The US Navy has commissioned its first of eight Block III Virginia-class submarines, USS North Dakota (SSN 784), at the Naval Submarine Base New London, US.
Built by General Dynamics (GD) Electric Boat, the next-generation vessels will allow the navy to maintain the nation's undersea dominance well into the 21st century.
The 377ft-long submarine integrates new Virginia payload tubes, which are intended to trim down expenses while increasing missile-firing payload possibilities.
US Navy Submarine Forces commander vice-admiral Michael Connor said: "From the Arabian Sea to the Polar Ice cap, North Dakota will operate undetected in the harshest environments on the planet as her crew protects the freedom of the seas and the interests of the US.
"Leaders around the world continue to ask for more American submarine presence, because they realise that there are some very important things that must be done that only submarines can do.
"To the crew of North Dakota, you have done a fantastic job in bringing this ship to life. Now it's time to shift your focus to global operations and get ready to meet your new responsibilities on patrol far from home."
The vessel can dive to more than 800ft and can cruise at speeds of 25k while submerged. It also is capable of operating for 33 years without being refuelled.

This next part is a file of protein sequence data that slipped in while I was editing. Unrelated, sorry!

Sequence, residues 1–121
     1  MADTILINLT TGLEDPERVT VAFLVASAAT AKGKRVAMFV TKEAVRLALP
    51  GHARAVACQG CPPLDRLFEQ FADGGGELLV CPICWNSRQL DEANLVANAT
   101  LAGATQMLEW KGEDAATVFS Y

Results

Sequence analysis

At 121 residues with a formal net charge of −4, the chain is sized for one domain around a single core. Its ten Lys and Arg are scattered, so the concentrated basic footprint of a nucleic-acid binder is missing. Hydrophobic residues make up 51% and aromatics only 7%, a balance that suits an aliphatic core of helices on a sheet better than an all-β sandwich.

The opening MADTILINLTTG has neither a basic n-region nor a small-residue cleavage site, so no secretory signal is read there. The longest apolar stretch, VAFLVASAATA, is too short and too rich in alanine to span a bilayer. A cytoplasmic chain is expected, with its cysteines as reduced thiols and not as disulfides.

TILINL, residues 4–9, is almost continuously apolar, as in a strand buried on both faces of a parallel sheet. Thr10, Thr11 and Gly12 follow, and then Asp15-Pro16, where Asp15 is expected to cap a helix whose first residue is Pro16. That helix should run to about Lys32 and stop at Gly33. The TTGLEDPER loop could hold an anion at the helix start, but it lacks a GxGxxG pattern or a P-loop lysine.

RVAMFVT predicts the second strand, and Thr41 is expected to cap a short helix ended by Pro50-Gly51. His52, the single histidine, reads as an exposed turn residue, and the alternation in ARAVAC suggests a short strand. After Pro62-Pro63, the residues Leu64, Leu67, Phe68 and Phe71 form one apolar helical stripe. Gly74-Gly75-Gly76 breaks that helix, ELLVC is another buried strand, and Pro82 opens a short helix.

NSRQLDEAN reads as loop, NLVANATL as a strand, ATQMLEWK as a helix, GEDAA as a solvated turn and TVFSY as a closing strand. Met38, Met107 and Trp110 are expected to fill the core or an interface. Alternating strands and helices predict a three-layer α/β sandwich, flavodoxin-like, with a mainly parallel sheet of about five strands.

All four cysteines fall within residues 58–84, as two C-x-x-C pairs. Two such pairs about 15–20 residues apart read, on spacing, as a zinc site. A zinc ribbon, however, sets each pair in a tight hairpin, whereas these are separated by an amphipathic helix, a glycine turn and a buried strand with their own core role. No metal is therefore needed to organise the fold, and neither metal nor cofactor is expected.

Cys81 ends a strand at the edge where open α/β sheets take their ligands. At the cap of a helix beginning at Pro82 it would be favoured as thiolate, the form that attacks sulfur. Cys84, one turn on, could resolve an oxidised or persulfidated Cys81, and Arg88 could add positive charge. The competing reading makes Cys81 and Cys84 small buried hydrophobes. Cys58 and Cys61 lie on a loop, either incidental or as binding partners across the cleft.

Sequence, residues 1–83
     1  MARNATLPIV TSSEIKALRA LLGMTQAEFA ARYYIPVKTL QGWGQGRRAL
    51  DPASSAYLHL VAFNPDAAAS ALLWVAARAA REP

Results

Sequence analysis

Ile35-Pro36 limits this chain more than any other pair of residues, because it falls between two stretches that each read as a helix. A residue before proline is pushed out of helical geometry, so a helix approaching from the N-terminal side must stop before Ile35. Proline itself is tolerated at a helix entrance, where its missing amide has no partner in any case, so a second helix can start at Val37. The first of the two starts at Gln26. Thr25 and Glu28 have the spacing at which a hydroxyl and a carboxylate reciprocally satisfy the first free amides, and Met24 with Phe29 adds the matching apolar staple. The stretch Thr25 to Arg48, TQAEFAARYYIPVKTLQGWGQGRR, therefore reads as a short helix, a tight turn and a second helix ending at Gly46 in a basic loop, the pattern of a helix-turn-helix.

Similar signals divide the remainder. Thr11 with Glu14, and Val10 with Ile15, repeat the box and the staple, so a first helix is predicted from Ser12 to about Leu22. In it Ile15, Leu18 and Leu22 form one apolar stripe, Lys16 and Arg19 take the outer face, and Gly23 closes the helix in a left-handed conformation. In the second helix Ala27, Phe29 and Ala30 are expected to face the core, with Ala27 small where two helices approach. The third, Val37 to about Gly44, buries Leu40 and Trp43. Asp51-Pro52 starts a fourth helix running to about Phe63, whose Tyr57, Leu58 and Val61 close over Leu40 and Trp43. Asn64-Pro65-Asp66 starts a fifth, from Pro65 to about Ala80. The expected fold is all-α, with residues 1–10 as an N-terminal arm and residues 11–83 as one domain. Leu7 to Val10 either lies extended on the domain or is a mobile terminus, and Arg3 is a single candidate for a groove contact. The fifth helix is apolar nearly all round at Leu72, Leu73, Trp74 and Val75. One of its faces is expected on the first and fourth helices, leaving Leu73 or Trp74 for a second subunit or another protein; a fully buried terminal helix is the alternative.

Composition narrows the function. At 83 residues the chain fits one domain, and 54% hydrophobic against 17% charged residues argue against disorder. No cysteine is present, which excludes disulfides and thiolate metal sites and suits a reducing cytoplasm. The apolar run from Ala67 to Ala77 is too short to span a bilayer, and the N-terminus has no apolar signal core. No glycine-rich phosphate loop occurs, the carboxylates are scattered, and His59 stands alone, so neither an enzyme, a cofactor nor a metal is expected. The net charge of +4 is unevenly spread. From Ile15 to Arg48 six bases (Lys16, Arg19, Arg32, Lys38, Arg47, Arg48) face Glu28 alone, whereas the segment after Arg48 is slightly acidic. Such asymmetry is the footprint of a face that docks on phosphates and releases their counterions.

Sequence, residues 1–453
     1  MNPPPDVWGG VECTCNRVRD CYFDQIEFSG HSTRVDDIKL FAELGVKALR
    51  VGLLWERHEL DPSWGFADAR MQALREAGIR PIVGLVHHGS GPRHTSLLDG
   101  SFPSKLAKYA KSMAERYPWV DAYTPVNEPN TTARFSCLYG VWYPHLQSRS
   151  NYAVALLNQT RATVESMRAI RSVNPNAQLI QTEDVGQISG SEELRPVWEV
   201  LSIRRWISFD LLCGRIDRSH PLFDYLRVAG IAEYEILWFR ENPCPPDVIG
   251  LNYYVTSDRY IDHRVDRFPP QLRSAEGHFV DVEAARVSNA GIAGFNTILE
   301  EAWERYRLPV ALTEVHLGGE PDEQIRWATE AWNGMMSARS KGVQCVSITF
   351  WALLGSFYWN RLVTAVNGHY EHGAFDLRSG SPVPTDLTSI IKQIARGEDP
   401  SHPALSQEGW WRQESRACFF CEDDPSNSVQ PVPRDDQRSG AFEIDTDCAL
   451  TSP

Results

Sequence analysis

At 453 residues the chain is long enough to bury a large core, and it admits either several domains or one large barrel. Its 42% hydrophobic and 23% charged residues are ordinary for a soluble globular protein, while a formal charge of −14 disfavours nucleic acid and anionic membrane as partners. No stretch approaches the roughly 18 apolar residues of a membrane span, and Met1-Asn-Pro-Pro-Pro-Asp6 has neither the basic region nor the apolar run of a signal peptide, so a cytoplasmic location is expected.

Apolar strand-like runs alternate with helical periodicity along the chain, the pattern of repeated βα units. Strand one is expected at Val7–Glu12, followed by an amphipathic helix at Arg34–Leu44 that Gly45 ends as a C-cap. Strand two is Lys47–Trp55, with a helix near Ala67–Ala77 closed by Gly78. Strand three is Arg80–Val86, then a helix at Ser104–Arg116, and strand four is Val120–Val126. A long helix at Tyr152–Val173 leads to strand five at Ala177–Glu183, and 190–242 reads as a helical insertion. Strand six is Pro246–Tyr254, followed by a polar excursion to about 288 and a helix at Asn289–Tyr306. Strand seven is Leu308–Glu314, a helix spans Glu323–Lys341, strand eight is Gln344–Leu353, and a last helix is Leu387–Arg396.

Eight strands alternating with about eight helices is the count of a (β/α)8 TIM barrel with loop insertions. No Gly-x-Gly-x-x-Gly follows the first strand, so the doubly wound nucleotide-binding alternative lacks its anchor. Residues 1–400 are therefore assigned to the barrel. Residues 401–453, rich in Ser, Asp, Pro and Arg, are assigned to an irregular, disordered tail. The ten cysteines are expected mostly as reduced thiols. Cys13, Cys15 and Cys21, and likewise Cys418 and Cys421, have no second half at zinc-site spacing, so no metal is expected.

Mainly aimed at dominating the world's littoral and deep waters, the Virginia-class submarines can conduct anti-submarine, anti-surface ship, strike, intelligence, surveillance and reconnaissance operations, as well as special operation forces and irregular and mine warfare.
To date, the navy has received 11 Virginia-class submarines, with construction on seven additional block III submarines underway.
A further ten vessels, which are currently being built as part of the recently awarded block IV contract, will be delivered two-per-year from 2018.
Image: US Navy chief of naval operations (CNO) admiral Jonathan Greenert during the commissioning of USS North Dakota. Photo: courtesy of the US Navy, photo by mass communication specialist 1st class William Larned.